Making new beds from lawn

Hi I'm new to the gardening game and have just begun to convert a large portion of my garden into beds to grow veg & flowers. So far I've managed to dig up and turn over a portion of the plot. I've dug in some horse manure from b & q, but some leaf mulch on top (found in the park) and covered it in polythene. The rest of the ground I intend to convert has been sprayed with roundup and, when the weather improves a little, I plan to dig in the same organic matter and cover. My question is, will the horse manure (bagged and sold by b & q) be suitably 'well rotted' to be able to grow seedlings in? I've been warned that it could burn the leaves and roots. Also, do you think I should spray the ground with something to kill any baddies which may be lurking in the soil? I'm a complete novice, so any advice would be gratefully received. Thanks


  • nutcutletnutcutlet Posts: 24,029

    Hi Kate

    i'd hold off with the chemicals. Too early for round up, it needs growing leaves to work on. Chemicals that kill baddies fill goodies as well. See what you've got before you kill it.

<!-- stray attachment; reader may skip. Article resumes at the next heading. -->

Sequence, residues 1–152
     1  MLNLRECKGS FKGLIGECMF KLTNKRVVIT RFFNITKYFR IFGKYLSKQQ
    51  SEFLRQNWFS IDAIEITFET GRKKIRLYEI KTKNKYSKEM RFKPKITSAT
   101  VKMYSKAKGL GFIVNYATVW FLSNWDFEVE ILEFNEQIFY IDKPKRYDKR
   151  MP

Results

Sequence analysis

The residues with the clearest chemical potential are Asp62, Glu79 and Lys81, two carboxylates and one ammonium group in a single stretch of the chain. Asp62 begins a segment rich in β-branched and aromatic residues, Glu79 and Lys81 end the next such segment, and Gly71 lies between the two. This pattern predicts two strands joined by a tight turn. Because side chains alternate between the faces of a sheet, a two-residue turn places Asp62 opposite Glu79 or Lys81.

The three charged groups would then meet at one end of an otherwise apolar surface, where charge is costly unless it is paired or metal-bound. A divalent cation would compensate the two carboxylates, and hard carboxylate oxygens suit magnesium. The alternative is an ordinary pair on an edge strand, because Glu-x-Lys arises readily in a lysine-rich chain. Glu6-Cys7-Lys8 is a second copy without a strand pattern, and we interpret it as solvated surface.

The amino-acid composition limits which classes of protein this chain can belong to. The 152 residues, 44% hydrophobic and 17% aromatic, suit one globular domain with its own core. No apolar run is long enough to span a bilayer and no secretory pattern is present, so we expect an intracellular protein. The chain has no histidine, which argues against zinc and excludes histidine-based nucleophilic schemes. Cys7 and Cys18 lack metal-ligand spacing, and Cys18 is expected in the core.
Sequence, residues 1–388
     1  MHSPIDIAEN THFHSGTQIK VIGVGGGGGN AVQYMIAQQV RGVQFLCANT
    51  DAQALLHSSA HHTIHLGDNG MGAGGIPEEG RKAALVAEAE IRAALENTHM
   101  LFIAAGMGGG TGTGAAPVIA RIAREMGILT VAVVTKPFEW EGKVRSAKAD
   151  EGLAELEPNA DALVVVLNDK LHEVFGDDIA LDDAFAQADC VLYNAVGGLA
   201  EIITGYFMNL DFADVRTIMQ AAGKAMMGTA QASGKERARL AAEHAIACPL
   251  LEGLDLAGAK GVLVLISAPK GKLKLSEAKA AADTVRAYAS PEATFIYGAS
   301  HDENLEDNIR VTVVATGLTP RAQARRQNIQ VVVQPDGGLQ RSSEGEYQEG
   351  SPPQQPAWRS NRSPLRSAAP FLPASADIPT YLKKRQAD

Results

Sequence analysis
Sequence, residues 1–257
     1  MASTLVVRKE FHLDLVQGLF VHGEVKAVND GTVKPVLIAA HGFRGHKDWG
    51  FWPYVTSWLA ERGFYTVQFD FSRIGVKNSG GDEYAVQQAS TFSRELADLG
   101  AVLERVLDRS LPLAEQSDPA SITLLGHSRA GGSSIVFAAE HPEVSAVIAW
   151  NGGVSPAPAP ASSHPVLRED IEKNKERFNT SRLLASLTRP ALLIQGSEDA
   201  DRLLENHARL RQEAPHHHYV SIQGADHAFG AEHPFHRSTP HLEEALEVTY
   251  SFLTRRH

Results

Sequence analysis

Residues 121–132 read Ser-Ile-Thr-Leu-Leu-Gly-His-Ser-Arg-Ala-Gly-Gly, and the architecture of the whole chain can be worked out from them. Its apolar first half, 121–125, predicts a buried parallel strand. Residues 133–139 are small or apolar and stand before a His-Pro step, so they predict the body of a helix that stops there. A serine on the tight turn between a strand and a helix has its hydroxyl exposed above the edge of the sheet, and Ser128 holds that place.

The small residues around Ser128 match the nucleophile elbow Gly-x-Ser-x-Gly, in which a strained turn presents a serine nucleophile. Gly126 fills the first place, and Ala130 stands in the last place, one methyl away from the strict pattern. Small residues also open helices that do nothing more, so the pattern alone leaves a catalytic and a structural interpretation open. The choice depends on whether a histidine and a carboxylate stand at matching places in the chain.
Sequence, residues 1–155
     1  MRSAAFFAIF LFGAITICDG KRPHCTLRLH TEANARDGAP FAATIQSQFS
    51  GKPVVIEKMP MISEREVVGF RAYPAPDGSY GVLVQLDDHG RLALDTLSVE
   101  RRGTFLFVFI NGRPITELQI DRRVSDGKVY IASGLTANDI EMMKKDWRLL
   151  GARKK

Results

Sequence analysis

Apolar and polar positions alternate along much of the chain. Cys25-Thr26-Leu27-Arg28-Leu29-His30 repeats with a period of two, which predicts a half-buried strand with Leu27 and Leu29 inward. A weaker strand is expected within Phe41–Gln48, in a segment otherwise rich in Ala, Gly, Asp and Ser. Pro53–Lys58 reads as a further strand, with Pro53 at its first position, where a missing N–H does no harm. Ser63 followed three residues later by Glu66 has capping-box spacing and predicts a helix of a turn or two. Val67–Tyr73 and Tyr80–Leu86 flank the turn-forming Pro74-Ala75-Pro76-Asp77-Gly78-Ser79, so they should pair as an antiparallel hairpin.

Bags of B&Q horse maure should be fine, they'll add some bulk. Not sure about the polythene, I'd be inclined to leave for weather to work on but others may have other ideas. It's a late spring, you've done well to get started.

  • hollie hockhollie hock Posts: 3,290

    Hello Kate,all i can say it that I dug up a lot of the lawn for beds last year and I did very little in improving the soil at that point and my plants did really well.

    I wouldn't spray any areas, there maybe some good things growing as well. I do use weedkilller, i tend to paint it on selective invastive  weeds later in the year. I think these chemicals can have a longer term effect in the soil which affect the plants.

  • Matty2Matty2 Posts: 4,820

    Just dug up some front lawn for a shrub border, solid clay so have to add compost etc to break it up a bit. Fortunately this atricious weather will help. Will then add horse manure mix that I get in bags locally.

  • Probably no need to add much to soil in first year as there is lots of goodness there already...after all it has effectively been fallow for years appart from the grass which you are recycling anyway (nice and deep, and upside down or it will cause you heartache)

    If you are a beginner I would only plant small plants which you can buy, or start the seeds in pots. Even the larger seeds can be reluctant to start, especially in cold soil.

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